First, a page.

Ruminations in the wake of Kavanaugh
It is done.
Now we must pick up the pieces and move on. Why, I wonder, add more words at a time when so many seem so set in their beliefs that persuasion has become chimerical?
When faced with despair–and, given the manner in which our governance has broken down, despair is a mild reaction–I try to understand. Though that understanding is still gelling, I’m pretty sure that I’ve identified the problem. A solution, if any, may lie in the title I chose for this post.
Allow me to begin with an obvious but important statement: rhetoric is to politicians what oxygen is to the rest of us. Honest folks, even as they complained about elected officials not following through on what they said they would do, used to accept that on some level, along with the compromises that invariably accompanied the necessary switch from the language of campaigns to the long slog of governing.
Trouble arises when rhetoric is acted on as if it were policy. I like to think I tolerate human foibles, but I know what boundary I cannot abide crossing. To be intellectually dishonest–an arena in which the stakes are so small that to embrace it is, in effect, to embrace lying to yourself along with everyone else–is to cross into a moral void.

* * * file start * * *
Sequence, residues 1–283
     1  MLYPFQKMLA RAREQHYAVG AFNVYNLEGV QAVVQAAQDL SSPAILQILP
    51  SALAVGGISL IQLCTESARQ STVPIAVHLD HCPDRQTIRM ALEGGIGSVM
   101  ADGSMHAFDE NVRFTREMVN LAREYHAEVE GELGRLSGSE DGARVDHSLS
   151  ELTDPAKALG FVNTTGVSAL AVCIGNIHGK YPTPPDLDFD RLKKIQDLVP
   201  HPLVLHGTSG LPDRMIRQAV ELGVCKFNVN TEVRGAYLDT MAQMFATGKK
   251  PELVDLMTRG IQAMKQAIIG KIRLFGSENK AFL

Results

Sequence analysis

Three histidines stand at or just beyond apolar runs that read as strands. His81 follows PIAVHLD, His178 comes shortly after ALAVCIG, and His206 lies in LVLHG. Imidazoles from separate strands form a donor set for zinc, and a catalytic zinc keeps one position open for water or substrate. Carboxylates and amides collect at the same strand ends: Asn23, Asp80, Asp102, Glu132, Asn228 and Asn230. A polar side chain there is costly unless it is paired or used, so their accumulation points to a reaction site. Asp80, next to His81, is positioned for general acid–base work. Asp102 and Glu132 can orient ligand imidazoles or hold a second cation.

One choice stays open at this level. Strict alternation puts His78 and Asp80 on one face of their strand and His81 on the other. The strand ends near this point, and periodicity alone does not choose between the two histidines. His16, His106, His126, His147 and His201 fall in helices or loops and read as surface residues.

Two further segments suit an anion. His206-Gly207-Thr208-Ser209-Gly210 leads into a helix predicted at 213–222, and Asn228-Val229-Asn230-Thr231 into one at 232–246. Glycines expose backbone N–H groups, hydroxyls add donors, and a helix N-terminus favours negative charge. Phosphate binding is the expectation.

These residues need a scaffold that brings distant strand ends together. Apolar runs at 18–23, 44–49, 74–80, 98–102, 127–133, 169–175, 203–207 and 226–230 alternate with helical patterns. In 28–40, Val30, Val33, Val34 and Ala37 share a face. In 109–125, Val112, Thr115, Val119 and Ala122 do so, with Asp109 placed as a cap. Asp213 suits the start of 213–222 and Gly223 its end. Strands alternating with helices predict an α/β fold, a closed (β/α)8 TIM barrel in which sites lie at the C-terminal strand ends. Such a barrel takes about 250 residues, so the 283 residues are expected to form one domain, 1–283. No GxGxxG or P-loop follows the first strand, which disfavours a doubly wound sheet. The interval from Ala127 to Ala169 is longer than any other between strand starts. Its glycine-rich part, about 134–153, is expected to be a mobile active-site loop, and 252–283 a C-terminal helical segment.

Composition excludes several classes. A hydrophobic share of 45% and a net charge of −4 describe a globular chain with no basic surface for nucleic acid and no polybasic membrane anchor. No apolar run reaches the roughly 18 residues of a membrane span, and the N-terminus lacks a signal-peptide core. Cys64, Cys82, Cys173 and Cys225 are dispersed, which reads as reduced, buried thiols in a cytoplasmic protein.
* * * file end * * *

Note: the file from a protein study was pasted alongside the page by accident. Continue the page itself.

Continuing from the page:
I submit that the rhetoric of winning has replaced reasoning and the only explanation for that is power.
When I drafted my undergraduate thesis I airily dismissed the worries of Madison and his contemporaries on the subject. They suffered, I stated in my own attempt at a rhetorical flourish, from Acton‘s paranoia. How wrong I was.
Power corrupts not just those who wield it. Power corrupts the decency of those who covet it and those who desire it to be used in pursuit of aims they personally support. In that service all else–facts, manners, norms, consequences–is meaningless.
Language itself becomes abased in the process.